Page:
International Speleological Project to Cambodia 2008 (Battambang area)
69 pages, many maps and cave surveys; Berlin 2009.
This volume represents most comprehensive study of the karst and the caves of the Battambang (NW Cambodia) area so far. 65 registered caves. 42 cave maps.
Resources on the Speleology of Meghalaya State, India. Part 1: Overview
Herbert Daniel Gebauer:152
pages, many maps and overview surveys; Berlin 2008.
This volume describes the general settings on the speleology of this “caving heaven” in NE India, where international expeditions so far have yielded hundreds of kilometres of fine cave passages. The geography, geology, hydrology, exploration history and many other basics are presented, accompanied by an incredible bibliography. The specific caving regions of Meghalaya will be covered by separate volumes in this series.
32: The Unknown North of Laos. Part
2 2006-2008: Karst and Caves of the Provinces Luang Phrabang, Luang
Nam Tha, Xieng Khouang, Houaphan and Vientiane.
Dreybrodt & Michael Laumanns;
143 pages, photoplates, numerous maps and cave surveys, Berlin, 2008.
Summary of the international expeditions to Northern Laos from 2006 to 2008.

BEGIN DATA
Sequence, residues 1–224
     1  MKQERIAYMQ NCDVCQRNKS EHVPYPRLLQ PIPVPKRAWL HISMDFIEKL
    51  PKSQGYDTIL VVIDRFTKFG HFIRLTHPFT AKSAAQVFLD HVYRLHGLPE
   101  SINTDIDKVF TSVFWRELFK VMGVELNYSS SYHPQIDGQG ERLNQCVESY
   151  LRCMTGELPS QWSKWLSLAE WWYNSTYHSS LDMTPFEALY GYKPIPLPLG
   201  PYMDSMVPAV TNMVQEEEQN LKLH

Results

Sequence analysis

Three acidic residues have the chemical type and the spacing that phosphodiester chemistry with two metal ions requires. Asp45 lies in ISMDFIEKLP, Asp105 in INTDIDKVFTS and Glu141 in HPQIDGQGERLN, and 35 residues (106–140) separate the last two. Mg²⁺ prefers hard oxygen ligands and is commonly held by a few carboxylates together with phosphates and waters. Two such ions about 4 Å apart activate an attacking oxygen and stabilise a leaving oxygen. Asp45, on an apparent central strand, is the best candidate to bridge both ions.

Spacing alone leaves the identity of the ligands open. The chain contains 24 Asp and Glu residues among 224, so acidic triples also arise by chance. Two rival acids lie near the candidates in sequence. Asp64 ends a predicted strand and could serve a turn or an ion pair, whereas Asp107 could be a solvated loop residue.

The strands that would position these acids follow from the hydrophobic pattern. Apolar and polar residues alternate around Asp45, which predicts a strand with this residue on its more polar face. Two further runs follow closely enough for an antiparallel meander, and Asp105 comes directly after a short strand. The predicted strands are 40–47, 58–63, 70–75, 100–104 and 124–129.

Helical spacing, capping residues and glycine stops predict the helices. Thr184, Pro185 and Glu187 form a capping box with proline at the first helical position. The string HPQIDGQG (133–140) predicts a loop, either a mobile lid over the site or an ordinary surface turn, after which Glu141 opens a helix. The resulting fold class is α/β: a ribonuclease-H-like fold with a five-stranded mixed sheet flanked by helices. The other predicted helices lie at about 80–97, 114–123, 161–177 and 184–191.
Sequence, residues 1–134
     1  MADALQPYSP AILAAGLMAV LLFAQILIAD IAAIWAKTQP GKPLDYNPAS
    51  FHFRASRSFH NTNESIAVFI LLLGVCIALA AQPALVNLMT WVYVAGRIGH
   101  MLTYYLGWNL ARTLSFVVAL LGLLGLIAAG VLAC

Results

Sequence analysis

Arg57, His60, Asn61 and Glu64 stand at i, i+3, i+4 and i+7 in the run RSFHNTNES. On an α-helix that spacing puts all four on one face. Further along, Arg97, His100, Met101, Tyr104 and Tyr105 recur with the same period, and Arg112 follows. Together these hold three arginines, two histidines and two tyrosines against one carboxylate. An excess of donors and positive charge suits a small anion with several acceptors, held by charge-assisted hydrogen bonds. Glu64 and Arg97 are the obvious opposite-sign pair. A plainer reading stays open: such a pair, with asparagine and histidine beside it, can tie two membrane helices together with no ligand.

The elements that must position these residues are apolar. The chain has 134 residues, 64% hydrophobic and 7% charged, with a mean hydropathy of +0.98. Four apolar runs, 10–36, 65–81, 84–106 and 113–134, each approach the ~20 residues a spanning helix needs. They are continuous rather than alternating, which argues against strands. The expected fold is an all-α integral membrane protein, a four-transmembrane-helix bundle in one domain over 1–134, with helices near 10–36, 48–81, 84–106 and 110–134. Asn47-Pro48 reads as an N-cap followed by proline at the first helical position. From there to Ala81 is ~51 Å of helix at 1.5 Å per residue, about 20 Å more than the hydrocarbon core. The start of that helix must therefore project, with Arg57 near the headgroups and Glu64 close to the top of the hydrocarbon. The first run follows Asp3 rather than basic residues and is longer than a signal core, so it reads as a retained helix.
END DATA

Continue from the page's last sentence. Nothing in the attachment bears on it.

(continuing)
Over 27 km of passage from 59 caves. Includes a study of water chemistry
of the Vieng Xai region caves as well as detailed biospeleology. Overview
of Laos. In English with German and French abstracts.
Vol 31: Mt. Suswa Lava Caves, Kenya (a project to map and review the tourism
potential of Mt. Suswa's principal cave group).
Checkley; 51 pages, cave surveys and maps, colour print, Berlin, 2008.
A detailed and richly illustrated classic for the enduring use of caves
for tourism in developing countries. Contains detailed geological and speleological
descriptions and numerous photos, with costed outline engineering plans
for the initial development of individual caves. Detailed descriptive tours
through the caves are also provided, to form the basis of interpretive tours